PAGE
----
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By Melanie Conner, APUS Alumni Affairs Liaison, and Daniel Torrio, AMU Graduate
Perseverance requires action and focus, despite what difficulties one may face. Technical Sergeant Daniel Torrio came from a troubled background that all too often leads to someone becoming a statistic.
Daniel was one of four children born to a single mother. Throughout his childhood, his mother struggled with an addiction to heroin. As a result, Daniel bounced from school to school, literally changing schools every year.
At the tender age of 13, Daniel unfortunately lost his mother to her heroin addiction. Despite all of the adversities and challenges Daniel faced, he was able to overcome them. With the support of a loving uncle and a friend, Christi (who would later become his wife), Daniel persevered with his education.
Daniel and Christi joined the United States Air Force in 2010 and Daniel began attending AMU shortly after joining the Air Force. He is a first-generation graduate who attended our 2018 Commencement ceremony, celebrating his accomplishment of earning his bachelor of arts in military history.
We asked Daniel to share his inspiring story with us and how his time at AMU helped him in his military career.
What have you been doing since you completed your bachelor’s degree from AMU?
Since the completion of my degree, I have continued to focus on my military career. Because there are 12 years remaining until I can retire, I am also continuing my education.
I have recently enrolled in a master’s program in history at Liberty University to continue my education. I hope to become a teacher when I retire from the Air Force.
What encouraged you to pursue a degree in history?
Since I was younger, I have loved history. When it came to finding a field of study, it seemed natural to study history.
After joining the Air Force, I found that I love and want to teach and lead people. With the military history degree I received and the military background I have, I have set up the foundations of my post-military career.
What is your current career?
My current career is serving as a Technical Sergeant in the Air Force. I am in charge of maintaining the C-17 Globemaster III, which is a multi-million dollar weapon system utilized by Air Mobility Command for rapid personnel and cargo deliveries around the world.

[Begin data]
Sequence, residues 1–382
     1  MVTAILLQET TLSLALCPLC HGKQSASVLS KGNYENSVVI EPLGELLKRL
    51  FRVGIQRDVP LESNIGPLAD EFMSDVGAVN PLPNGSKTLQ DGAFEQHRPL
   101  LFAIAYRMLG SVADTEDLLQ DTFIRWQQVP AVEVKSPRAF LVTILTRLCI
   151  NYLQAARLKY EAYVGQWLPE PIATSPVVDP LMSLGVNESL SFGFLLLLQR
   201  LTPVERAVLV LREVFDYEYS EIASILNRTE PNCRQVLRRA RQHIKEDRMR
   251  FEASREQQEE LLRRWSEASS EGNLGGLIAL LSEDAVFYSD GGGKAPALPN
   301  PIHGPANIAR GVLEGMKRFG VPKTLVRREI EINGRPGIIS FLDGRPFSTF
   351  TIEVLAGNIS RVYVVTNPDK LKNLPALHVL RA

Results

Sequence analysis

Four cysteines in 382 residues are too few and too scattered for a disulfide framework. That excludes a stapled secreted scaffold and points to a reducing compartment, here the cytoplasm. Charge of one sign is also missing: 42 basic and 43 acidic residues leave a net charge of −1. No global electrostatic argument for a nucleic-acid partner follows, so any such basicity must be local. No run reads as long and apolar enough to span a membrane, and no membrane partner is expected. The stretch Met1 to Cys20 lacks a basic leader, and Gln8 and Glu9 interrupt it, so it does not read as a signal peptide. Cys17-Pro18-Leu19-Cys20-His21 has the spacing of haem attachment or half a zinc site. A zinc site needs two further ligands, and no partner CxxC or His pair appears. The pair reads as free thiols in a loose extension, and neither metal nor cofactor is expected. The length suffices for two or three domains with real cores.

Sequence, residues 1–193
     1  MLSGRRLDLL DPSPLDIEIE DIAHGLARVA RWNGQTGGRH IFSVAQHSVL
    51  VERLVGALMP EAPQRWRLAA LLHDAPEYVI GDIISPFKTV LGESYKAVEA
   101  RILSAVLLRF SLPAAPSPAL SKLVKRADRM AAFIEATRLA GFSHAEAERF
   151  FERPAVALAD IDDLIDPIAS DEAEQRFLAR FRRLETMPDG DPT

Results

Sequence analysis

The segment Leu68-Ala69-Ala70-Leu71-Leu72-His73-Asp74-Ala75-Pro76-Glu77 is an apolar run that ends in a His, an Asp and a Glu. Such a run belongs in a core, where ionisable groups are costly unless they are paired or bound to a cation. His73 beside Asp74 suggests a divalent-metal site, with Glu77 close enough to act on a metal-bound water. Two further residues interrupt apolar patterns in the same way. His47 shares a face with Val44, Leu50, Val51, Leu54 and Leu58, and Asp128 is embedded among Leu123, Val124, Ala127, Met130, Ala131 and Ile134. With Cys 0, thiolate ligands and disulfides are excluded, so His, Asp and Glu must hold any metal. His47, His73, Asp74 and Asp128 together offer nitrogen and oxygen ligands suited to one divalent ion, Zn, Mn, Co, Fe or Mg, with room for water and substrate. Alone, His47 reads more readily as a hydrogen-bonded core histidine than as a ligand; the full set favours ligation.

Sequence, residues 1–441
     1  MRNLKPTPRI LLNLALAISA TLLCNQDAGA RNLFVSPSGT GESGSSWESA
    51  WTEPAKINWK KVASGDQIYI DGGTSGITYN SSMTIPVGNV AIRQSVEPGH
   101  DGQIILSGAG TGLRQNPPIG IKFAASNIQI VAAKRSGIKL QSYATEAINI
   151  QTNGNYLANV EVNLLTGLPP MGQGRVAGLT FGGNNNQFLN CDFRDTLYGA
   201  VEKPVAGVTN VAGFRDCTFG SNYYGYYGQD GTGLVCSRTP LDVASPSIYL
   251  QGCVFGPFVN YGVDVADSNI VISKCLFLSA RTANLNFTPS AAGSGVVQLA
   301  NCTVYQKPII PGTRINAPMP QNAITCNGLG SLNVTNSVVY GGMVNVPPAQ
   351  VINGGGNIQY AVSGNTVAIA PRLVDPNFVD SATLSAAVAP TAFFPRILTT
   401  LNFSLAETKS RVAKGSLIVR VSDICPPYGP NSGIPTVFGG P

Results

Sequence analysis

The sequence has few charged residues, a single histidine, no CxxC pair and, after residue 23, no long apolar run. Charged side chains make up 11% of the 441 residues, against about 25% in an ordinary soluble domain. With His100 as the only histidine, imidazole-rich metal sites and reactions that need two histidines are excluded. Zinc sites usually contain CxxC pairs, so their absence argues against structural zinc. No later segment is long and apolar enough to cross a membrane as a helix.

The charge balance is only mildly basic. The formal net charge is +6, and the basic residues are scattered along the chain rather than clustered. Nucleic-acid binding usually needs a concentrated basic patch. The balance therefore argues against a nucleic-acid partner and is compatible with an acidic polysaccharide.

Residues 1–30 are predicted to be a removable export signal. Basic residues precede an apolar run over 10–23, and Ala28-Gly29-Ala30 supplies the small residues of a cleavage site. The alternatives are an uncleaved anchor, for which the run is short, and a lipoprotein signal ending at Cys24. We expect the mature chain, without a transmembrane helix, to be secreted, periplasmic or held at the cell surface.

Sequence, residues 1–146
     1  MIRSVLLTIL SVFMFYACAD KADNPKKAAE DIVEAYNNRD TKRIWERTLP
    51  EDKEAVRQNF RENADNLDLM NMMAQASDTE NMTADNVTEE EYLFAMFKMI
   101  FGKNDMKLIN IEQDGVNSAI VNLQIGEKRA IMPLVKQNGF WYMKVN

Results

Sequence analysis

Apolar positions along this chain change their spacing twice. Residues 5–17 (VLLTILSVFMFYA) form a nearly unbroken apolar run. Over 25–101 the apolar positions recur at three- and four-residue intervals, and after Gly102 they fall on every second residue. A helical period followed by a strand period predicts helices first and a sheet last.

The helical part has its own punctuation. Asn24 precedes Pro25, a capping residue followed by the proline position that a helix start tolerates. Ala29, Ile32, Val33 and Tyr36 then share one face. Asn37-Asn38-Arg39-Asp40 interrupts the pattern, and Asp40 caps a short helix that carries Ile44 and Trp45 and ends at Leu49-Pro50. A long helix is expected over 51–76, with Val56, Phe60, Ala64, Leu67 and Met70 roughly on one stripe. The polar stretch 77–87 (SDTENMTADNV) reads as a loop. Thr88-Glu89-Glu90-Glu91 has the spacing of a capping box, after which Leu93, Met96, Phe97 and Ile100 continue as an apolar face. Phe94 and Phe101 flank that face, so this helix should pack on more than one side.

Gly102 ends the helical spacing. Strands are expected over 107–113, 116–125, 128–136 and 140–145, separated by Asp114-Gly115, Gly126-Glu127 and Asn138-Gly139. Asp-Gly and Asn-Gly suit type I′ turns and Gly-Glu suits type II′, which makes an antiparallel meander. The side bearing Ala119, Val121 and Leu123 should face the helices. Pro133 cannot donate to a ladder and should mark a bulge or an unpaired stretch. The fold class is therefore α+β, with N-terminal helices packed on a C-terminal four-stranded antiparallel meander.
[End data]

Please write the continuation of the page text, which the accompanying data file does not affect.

What inspired you to pursue a career in this field?
After graduating from high school and starting the traditional college route, my wife and I were looking for something more. The Air Force was a good fit for both of us to continue our education and to provide the life we wanted to live. Being in the military allowed me to get more out of life by serving our great nation, and it allowed my wife to complete a bachelor’s degree as well.
Has the knowledge you acquired for your bachelor’s degree assisted you in the field?
Without a doubt, my degree has bettered me in my current career field. The advanced writing I learned from the courses I took at American Military University have proven invaluable.
As a Technical Sergeant, I do a lot a professional writing on a daily basis for work, such as annual performance reports, medal citations and quarterly awards packages. As I progress further up the ranks to the high echelons of the military, the need for professional writing will only increase.
In my current job, the improvement of my writing skills is the aspect of my military history degree that has proven to be the most valuable to my career.
What were the biggest challenges that you faced in your role?
The biggest challenges that I faced from work were the deployments and the multiple temporary duty assignments (TDYs) that I had to cope with while in school. One deployment took me away for six months.
The other TDYs were spread across three years and I was gone for approximately 450 days. Once again, American Military University was there to help me through the challenges. The willingness from AMU to work with me as a member of the Air Force was truly a game changer.
What advice do you have to give to people seeking a career in your field?
The biggest piece of advice I could give anyone who wants to pursue a degree in history is to read. Read as much history as you can.
Also, do whatever you have to do in order to increase your reading speed as well as increase your ability to retain the information that you read. In a single week, I faced as much as 400 pages of reading.
What is your greatest accomplishment to date?
To date, my greatest accomplishment is completing my bachelor of arts in military history. I have had some great success as a member of the United States Air Force; however, that success came because I was a part of a team.
My degree was accomplished by me and by me alone – and with a lot of encouragement from my amazing wife. I am the only person in my family to have ever completed a higher education degree and it truly feels amazing to have earned it.
What do you do in your free time?
I spend my free time reading. That shouldn’t come as a surprise, because I am a military history graduate. I did mention earlier that if anyone wants to study history, then reading is important.
I follow my own advice and I typically spend three to four hours a day reading. Whether it’s a paperback book, my Kindle or even just an article from one of my favorite websites, I spend a lot of time reading.
My most recent read was “Extreme Ownership” by former Navy SEAL officers Jocko Willink and Leif Babin. It explains the need for discipline in one’s life and how this discipline will make you successful whether you are a military servicemember, a student or a CEO.